5 Ways to Protect Your Website from Hackers and Maintain Privacy


You don’t have to be a mega-large corporation for hackers to be interested in penetrating your website. Though such incidents don’t dominate headlines, small to medium-sized businesses around the world find their computer networks compromised with great regularity. These days, a hacker doesn’t even have to do the heavy lifting himself. Automated software can be turned loose on the internet to do the dirty work of stealing data, defacing websites, or turning a server into a place for others to download illegal files. The good news is that taking even a few basic security precautions can deter most bad guys, who will move on to easier prey. One of the easiest ways to avoid this is using a hosting company that offers auto-updates on WordPress. Here is a list of companies that offer just that.

Here Are 5 Ways To Protect Your Website From Hackers And Maintain Privacy.

1. Update Everything All The Time

Hackers rely on the fact that most website owners are either too busy or lazy to update software regularly. Software manufacturers know it is in their best interest to constantly be on the lookout for bugs in their product. When they issue updates, which is often with high frequency, you should install it. Even better is to set up everything to update automatically. The reality is that hackers will find a new bug fast, usually within minutes or hours after it is discovered. Keeping all your software updated is the easiest way to make life hard on them.

2. Get A Stout Firewall

You need a firewall. Don’t think you don’t. Whether you install the software yourself or take advantage of these brand spanking new cloud services that do the same thing – and are so easy to use a bona fide idiot could do it – get yourself a firewall. Going a step further than simple updating, a firewall proactively monitors your system and stands ready to spring into action repelling intrusion attempts once they are detected. A good firewall inspects incoming traffic, quarantines or destroys malicious requests, and protects from SPAM, brute force attacks, or other high level threats.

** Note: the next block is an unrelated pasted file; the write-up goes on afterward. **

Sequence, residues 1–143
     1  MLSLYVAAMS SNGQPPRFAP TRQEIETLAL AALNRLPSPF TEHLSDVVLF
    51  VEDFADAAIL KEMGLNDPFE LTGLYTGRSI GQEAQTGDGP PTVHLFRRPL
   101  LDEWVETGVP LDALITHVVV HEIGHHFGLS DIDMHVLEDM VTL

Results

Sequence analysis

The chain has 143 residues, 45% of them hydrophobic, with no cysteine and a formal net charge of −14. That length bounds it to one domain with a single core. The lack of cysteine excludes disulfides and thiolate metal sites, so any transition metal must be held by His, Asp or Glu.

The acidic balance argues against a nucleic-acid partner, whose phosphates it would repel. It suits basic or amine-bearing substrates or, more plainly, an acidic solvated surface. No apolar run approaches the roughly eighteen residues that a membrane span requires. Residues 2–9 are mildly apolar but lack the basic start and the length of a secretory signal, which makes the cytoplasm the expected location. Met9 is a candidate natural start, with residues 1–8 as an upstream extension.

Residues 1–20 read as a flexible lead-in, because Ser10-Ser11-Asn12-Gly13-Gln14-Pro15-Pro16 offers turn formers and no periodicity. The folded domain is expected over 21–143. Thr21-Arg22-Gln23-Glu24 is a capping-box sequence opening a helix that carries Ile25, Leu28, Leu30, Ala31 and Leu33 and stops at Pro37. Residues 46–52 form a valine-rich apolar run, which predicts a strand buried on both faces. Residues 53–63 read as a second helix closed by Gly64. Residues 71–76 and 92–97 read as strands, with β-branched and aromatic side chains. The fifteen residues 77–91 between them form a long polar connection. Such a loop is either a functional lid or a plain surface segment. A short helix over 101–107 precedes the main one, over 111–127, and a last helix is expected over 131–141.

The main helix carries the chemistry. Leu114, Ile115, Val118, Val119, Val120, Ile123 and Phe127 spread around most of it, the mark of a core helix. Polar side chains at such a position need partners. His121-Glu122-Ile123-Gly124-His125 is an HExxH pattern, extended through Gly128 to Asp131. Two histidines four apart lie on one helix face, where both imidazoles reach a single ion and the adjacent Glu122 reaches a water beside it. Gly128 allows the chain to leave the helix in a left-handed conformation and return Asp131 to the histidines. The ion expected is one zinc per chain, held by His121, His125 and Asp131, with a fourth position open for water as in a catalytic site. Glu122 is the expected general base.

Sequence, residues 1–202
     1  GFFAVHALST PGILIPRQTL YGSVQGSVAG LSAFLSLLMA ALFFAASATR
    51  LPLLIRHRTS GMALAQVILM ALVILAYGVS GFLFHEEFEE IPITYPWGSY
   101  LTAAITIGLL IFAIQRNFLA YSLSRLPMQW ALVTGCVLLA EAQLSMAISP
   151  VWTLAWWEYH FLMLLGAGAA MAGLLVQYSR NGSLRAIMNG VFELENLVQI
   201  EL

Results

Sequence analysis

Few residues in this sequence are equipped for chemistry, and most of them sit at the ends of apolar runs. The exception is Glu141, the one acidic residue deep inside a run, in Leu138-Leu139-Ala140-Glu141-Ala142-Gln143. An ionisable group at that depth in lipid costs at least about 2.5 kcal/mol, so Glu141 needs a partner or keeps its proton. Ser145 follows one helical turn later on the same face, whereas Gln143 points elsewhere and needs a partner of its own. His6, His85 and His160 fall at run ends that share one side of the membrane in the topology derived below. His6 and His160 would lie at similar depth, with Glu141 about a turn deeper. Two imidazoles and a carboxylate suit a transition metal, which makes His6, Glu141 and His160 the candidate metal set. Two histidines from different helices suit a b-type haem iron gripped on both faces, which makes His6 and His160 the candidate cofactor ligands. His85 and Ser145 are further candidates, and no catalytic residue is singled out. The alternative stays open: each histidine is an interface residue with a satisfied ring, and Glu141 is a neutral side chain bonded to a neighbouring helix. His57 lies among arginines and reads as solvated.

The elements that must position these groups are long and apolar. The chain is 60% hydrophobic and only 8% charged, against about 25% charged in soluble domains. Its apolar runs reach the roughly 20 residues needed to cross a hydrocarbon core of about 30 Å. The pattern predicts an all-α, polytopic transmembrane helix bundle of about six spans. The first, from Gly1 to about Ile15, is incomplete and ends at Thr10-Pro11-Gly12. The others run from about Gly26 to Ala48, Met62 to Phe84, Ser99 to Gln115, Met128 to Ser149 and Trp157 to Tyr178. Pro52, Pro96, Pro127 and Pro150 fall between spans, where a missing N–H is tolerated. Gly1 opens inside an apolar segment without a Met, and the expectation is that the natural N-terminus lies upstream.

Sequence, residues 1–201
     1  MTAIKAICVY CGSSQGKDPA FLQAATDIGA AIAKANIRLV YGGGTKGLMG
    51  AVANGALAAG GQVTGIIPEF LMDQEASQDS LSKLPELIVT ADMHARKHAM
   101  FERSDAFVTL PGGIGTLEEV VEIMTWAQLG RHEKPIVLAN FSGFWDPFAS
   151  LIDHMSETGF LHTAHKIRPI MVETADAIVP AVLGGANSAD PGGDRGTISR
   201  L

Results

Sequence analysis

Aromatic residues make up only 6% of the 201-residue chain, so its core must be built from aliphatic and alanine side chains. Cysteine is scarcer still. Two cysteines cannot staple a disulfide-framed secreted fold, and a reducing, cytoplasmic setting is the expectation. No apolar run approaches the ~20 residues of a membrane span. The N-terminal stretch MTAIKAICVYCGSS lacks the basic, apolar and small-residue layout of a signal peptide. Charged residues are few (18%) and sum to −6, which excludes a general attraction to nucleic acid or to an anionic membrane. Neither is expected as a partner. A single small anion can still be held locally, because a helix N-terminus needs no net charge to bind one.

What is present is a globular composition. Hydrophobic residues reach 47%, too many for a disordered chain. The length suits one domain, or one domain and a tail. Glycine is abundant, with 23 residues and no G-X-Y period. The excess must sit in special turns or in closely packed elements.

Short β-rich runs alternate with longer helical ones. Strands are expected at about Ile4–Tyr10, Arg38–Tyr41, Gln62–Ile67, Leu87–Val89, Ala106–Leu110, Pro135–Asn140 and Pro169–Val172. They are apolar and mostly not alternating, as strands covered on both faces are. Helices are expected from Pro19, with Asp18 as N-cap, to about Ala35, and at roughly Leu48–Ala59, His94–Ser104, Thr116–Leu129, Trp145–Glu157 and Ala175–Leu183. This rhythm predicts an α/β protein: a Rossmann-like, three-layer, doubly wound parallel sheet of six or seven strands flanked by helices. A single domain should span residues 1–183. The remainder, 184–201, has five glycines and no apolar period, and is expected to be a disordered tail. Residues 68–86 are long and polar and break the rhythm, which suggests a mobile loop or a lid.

3. Your Web Host Makes A Difference

Unfortunately, some bargain basement web hosts, and even a few high-dollar ones, can’t resist the urge to skimp when it comes to security, telling users that it’s essentially their responsibility to protect their website. While we normally don’t like to throw out specific recommendations, Hostgator has been in the industry since 2002 and developed a reputation as a web host with robust online security, and who is willing to take the steps necessary to help you keep the hackers away. Ultimately, it’s your decision, but if you’ve found your web host lacking, there is a proven alternative.

4. Defeating Brute Force Attacks

The automated software we mentioned earlier? Brute force attacks are one of the first tools a hacker deploys. It works by sitting at your website’s login screen and entering hundreds, thousands, or even millions of username/password combinations, though much faster than a human could. Obviously, a long and complex password tends to render a brute force attack useless unless it just gets lucky since the universe of possibilities grows exponentially the better the password is. A 12-character password that includes upper and lower case letters, numbers, and symbols should be your goal, and change it every three to six months.

5. Cross-Site Scripting

This evil little hacker strategy involves exploiting security vulnerabilities on the client side to insert malicious scripts that are executed by a user’s browser and allow the attacker to deface the website, install malware, steal session cookies, and see everything the user sees – including passwords and financial information. The primary means of entry are through input fields such as those found in contact forms or through the URL itself. Sanitizing all data received from users is one way to prevent these malicious scripts from loading.

The Bottom Line

Maintaining a secure, private website is an ongoing task that will never be complete. The moment you slack off proactive and reactive measures is the moment a hacker will exploit a weakness. For maximum online privacy it’s a good idea to check in frequently with a trusted source for online safety tips and to stay abreast of the latest threats and hacker strategies.


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